- Community conditions or opportunities
- Workforce data
- Continually monitor and analyze data to advance racial equity by identifying utilization, gaps, barriers, availability, and other key access-focused factors — including awareness, affordability, accessibility, and accommodation or acceptability — that may inﬂuence racial equity outcomes for children, families, and communities.
- Use disaggregated data to set benchmarks and drive assessments to ensure that programs, services, and initiatives lead to reductions in disparities due to race and place for children, families, and communities in early childhood systems.
Disaggregating the Data in Kansas
Data supports our understanding of how Kansas children are doing and what is needed to improve child well-being in the state. To that end, it is essential to disaggregate data and make inequities visible.
According to the 2017 Annie E. Casey Foundation’s Kids Count Initiative, Kansas ranked 15th out of the 50 states in child well-being across four domains: economic well-being, education, health, and family and community indicators. This ranking placed Kansas well above the average rating for child well-being in the U.S. But that ranking is based on aggregated data, in which all Kansas children (regardless of race or ethnicity) are compared to the other 49 states.
That same year, the Annie E. Casey Foundation also released their Race for Results Index, which disaggregates data by race and ethnicity and offers more complete information about child and family well-being, including who has access to opportunity and who does not. These data points paint a far grimmer picture of how Kansas’ children of color are doing compared to their white peers.
- African American children ranked 23rd out of 44 ranked states.
- Latino children ranked 25th out of 49 ranked states.
- Asian and Pacific Islander ranked 18th out of 43 ranked states.
- American Indian children ranked 2nd out of 26 ranked states.
- White children ranked 26th out of 50 ranked states.
If we use this information to guide decision- making, how might we change our policies or resource distribution? By disaggregating the data by race and ethnicity, a different story emerges about who is benefiting and who is not — and who has access to opportunity and who does not.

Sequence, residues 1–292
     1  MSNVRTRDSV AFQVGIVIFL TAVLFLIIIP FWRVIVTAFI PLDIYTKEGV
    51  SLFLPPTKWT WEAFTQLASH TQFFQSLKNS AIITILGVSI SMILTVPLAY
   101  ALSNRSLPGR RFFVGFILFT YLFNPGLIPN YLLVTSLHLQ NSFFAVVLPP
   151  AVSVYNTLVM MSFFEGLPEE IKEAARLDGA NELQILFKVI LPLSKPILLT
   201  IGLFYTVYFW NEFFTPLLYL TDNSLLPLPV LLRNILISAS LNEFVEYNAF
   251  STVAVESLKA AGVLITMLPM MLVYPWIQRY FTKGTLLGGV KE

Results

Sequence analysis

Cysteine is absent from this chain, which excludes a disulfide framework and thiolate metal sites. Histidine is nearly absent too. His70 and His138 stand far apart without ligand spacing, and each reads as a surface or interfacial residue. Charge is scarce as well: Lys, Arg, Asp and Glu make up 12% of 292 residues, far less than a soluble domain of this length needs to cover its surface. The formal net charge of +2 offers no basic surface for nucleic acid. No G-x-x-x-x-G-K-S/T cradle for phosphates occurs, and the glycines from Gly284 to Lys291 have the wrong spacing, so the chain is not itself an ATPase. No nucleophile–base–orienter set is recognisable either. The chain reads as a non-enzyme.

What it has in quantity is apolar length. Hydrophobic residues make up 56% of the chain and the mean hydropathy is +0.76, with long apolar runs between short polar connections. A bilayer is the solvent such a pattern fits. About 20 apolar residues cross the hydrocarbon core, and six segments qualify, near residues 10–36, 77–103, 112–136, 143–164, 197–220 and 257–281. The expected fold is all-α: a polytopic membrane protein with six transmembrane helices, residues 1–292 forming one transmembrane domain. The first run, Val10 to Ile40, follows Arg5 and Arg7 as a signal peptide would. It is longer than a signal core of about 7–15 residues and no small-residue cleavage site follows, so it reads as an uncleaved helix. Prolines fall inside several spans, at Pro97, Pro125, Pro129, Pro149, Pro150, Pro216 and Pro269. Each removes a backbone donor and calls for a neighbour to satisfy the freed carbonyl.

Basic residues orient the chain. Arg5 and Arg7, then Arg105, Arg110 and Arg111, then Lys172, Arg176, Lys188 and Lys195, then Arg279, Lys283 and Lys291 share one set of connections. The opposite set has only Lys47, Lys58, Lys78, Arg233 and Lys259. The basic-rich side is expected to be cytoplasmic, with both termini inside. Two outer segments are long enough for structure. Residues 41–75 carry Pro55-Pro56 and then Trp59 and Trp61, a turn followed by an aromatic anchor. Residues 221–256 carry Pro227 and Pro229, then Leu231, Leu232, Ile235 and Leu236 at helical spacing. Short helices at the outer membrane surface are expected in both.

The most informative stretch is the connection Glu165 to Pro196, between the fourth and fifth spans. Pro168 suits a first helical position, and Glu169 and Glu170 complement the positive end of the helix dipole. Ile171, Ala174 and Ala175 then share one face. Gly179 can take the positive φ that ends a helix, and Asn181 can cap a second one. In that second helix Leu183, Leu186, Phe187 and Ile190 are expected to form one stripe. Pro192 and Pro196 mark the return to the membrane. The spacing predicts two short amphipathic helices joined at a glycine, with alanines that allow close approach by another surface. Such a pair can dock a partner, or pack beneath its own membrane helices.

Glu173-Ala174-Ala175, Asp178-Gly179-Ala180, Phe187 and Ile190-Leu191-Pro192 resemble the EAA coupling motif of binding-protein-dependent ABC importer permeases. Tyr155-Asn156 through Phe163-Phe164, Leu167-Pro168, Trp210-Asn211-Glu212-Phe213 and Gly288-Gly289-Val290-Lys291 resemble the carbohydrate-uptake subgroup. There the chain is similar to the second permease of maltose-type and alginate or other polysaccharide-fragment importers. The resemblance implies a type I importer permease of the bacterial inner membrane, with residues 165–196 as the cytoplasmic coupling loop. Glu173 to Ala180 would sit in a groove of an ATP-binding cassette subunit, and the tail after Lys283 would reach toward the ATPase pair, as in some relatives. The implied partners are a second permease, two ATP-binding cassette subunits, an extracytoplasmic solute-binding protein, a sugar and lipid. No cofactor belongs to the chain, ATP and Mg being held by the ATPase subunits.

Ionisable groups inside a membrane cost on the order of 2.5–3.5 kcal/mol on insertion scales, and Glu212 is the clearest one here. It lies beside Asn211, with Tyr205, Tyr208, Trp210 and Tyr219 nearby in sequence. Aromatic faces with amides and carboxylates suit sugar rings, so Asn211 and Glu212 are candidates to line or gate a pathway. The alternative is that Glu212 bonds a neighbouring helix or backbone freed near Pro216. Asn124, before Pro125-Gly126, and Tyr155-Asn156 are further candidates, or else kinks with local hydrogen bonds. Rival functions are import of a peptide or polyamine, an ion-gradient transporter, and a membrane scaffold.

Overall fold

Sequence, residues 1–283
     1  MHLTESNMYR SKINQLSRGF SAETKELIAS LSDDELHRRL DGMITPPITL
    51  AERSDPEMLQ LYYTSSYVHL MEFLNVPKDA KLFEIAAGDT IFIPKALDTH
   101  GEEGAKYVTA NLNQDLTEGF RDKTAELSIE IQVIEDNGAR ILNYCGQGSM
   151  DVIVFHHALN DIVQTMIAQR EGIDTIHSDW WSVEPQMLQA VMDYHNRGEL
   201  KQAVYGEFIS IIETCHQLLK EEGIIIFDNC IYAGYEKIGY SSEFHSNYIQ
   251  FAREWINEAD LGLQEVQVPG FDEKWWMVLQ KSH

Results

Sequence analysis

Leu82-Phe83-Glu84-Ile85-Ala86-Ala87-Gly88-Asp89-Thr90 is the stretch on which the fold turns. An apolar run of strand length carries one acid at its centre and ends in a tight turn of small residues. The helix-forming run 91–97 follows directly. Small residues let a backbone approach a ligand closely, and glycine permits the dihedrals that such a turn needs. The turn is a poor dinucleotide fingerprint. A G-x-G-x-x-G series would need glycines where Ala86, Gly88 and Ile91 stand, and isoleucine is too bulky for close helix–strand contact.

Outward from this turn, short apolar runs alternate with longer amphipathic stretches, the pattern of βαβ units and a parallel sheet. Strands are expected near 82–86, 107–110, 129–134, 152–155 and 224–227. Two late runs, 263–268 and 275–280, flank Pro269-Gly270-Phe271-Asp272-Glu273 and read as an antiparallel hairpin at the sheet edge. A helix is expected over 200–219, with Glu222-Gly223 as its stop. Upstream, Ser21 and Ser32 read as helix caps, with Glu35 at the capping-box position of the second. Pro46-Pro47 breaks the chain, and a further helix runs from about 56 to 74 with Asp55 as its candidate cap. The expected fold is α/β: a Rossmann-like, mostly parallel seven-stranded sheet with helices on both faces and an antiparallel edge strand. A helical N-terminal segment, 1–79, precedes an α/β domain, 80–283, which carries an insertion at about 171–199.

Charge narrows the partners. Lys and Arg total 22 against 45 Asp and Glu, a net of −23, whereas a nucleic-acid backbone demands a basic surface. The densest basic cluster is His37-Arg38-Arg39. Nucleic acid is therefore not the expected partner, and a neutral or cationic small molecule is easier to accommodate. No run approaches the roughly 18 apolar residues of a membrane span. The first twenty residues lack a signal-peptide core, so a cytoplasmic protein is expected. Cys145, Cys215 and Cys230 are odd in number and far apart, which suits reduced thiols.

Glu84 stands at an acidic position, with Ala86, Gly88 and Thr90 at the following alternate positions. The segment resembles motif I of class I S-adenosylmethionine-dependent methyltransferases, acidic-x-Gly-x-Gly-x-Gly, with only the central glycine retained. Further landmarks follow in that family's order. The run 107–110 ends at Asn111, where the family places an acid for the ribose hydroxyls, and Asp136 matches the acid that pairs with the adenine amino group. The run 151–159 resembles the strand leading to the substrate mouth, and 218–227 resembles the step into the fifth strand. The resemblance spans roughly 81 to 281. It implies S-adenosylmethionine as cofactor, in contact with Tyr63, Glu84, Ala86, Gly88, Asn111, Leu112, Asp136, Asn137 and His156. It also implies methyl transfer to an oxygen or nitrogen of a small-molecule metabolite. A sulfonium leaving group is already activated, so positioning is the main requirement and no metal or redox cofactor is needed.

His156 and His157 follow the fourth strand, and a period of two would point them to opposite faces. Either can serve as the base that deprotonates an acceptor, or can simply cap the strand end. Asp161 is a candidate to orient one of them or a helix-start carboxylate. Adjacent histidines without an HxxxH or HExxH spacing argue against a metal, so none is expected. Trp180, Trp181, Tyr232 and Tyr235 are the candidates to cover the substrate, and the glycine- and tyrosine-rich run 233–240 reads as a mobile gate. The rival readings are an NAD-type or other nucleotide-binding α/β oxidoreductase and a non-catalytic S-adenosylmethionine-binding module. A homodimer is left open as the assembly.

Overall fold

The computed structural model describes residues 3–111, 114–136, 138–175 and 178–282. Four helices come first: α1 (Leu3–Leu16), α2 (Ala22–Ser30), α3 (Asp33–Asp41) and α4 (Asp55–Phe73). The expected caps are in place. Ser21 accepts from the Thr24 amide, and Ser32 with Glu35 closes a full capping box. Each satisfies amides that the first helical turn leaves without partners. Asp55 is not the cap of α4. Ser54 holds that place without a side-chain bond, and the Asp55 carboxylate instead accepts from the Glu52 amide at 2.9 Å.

Data must be disaggregated with sufficient detail to understand varying groups’ circumstances. For example, if we collect and use data that does not only describe “Asian Americans” but disaggregates it further (i.e., Bangladeshi, Burmese, Cambodian, Hmong, Indonesian), access and outcomes can guide decisions that address the actual and differing needs and circumstances of children, families, and communities.
The Importance of Family and Community Voices
As James James Charlton said about individuals with disabilities: “Nothing about us without us.”
One of the main reasons federal and state policies fail to address systemic inequities is that they are designed and drafted without input from those they are supposed to support.
Family and community voices offer a necessary perspective — feedback that must be put front and center as leaders work to develop equitable programs, practices, and systems.
Numerical data on its own presents an incomplete picture. Perspectives from specific groups of people — especially from Latinx, Black, Native American, non-English speaking, and immigrant communities, as well as ability-diverse individuals and others who are historically or currently marginalized — need to be incorporated in data collection and analysis strategies.